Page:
The following seems to be an amalgamation of questions Is it possible to represent points as sparklines in ArcGIS for Desktop? and Pie-Chart coordinates in QGIS.

Basically I have 5 sets of observations for n regions (the Australian Bureau of Statistics SA2 geography). Each set of observations is the count of persons aged under 30 and persons aged over 60 - so, basically providing two coordinates that can be plotted against each other to generate a line graph.

I've had some success in importing these as a WKT Linestring into QGIS in order to generate some quite funky line graphs - in the following image each line is an SA2 in a amalgamated geography (HMdA), as you can see there are varying trajectories for different lines, it is this facet that I'm trying to capture:

enter image description here

Doing this got me thinking that it should be possible to render these as Tufte-esq Sparklines around the centroid for each SA2. This would help put the trajectories in spatial context (which, after all is what GIS is about!).

I've been thinking that an .svg rendering might be the way to go (although the link to the tutorial for creating SVG-based sparklines with d3.js on Tufte's website is broken: (http://www.edwardtufte.com/bboard/q-and-a-fetch-msg?msg_id=0001OR). Here the idea would be to render the SVGs and then attach the SA2 centroid coordinates to them for mapping - although I don't know how feasible this would be as there are 3000+ SA2s, and I don't want to render that many SVG files!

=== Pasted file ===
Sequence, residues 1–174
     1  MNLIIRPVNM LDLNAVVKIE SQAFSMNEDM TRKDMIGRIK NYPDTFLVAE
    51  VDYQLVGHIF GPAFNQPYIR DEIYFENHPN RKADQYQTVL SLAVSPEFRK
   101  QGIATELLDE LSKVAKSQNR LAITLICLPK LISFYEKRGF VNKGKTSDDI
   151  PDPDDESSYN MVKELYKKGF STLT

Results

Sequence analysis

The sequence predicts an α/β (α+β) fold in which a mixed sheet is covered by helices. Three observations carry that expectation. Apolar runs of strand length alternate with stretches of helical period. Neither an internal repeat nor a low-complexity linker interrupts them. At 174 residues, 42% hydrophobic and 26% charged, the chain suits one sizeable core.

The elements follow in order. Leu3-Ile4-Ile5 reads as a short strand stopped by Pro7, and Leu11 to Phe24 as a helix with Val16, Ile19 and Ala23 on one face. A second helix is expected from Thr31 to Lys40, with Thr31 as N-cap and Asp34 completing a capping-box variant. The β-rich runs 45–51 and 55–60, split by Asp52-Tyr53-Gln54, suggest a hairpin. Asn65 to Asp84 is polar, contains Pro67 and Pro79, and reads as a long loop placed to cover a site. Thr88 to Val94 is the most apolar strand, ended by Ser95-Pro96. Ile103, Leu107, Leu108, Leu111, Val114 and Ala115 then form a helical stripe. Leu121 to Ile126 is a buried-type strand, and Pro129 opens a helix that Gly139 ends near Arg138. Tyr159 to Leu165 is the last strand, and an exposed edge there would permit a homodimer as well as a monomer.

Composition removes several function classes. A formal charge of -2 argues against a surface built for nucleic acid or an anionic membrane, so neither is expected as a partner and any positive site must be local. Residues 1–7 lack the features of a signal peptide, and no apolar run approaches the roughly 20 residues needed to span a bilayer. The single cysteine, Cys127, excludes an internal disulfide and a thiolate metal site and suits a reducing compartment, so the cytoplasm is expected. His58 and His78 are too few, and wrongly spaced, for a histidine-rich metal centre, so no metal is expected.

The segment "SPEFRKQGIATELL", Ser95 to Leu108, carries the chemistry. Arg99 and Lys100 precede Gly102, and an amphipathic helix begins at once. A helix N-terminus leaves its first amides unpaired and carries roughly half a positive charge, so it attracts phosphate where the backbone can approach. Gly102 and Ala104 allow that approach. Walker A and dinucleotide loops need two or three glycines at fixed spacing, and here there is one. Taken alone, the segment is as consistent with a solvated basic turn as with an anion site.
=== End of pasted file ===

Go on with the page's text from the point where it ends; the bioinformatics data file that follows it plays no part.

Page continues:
QGIS Diagrams would appear to be another possible avenue for exploration - although I cannot seem to find any literature about creating bespoke Diagrams (other than Pie, Bar and Text charts). So, here the (second,sorry!) question would be - has anyone attempted creating different diagram styles in QGIS?

EDIT If anyone is still reviewing this question...I'm in the process of using THIS little beauty to structure an equal area framework to drop the sparklines into.

2 Answers 2


This should be reasonably straightforward from the QGIS side; the harder part will be rendering the SVGs in batch. For that, R is probably as good a way as any. If JavaScript's more appealing, see this answer for an example of how to export SVG from d3.

You can create a centroid layer from your census areas, and style them as SVG symbols. As of more recent versions of QGIS, you can use expressions to build up a string representing the filename of the SVG. So as long as you stick to a naming convention (e.g. censusarea_1234.svg) you could use an expression like

'/path/to/' || 'censusarea_' || "id_field" || '.svg'

In this case, the centre of the SVG will line up with the centroid. You can add an offset, and use some fields to define these (in the same way that labelling is done)

By the looks of your screenshot, it looks like you're lining up the first data point with the centroid, in which case you'll want to do that when rendering your SVG . Easiest way is probably to subtract the first data point's x and y coordinates from each point in turn to center things. In R this would be something like xlim=c(-100,+100) and ylim=c(-100,+100) on the plot, this should center the SVG on the first point.

Another possible mechanism is SVG annotations. These can be styled to hide the bubble and just show the SVG. These have the advantage that they can be moved and deleted manually - handy if you want to tweak positions (for example, to avoid overlaps). It should be possible to use Python to add these to the canvas programatically, but I wasn't able to get this to work.


Also, one should wait for the "geometry renderer" style that will appear in QGIS 2.14 but which is accessible through the dev version.

  • Thanks Mathieu.. I'll certainly have a look at that when I get admin rights on my current computer! Jan 5, 2016 at 21:28

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